Academy award winning actor Louis Gossett Jr., 73, has been diagnosed with prostate cancer. Fortunately, the Officer and a Gentleman actor’s cancer was detected early and he is expected to make a full recovery. Gossett says he is going public with his diagnosis to highlight the lack of emphasis in the African-American community on preventive examinations and early treatment.
It is well known that prostate cancer is more common in African-American males than in white men. However, the debate has been whether the increased risk is due to a more aggressive type of prostate cancer, or due to a lack of screening and delayed treatment in African-American men. According to the American Cancer Society, the latter may be the case. They sited two studies: The first showed the rate of rise of PSA (prostate specific antigen- a blood marker for prostate cancer) were the same in all men, regardless of ethnicity, in cancer recurrences. The second showed that in situations where there are no differences in screening rates (such as in military facilities), there were dramatic improvement in results for African-American men when they received early detection and treatment. For more details on these studies, click here.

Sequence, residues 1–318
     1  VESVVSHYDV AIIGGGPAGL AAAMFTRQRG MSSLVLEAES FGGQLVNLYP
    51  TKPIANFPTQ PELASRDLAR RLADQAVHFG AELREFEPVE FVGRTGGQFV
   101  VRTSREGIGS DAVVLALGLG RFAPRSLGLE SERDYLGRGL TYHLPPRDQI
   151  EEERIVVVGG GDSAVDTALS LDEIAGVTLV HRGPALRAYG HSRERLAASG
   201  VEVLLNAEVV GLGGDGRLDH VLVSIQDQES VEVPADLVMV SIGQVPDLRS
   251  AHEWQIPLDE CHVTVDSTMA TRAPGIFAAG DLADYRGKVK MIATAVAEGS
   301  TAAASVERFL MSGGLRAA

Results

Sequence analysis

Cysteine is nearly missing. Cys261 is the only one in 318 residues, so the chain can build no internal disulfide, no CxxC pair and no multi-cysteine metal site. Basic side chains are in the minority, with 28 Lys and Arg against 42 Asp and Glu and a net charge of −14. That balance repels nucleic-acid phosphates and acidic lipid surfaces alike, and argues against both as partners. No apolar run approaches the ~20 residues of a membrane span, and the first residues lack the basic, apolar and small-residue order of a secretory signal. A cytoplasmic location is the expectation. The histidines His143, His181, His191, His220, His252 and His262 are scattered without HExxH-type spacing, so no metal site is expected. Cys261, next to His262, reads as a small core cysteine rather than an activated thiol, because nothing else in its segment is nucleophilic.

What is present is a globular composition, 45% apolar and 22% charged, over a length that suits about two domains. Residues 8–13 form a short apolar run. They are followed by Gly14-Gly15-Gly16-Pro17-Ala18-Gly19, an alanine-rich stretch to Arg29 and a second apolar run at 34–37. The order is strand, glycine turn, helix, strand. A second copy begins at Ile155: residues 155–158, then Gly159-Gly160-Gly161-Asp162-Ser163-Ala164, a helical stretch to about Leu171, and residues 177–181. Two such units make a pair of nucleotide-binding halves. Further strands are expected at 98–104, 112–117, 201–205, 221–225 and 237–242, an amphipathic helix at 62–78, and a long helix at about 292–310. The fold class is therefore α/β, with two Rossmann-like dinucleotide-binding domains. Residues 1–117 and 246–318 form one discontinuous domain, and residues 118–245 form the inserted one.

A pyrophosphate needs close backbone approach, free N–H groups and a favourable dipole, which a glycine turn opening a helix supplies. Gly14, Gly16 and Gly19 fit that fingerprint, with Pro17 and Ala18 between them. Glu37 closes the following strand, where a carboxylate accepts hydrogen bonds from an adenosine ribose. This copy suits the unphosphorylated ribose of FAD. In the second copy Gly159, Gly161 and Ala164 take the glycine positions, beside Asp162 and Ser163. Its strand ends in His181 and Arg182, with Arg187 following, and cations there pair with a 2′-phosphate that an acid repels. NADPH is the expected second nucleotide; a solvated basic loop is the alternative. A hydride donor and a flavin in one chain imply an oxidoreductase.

For other stories we have done on various aspects of prostate cancer, see:
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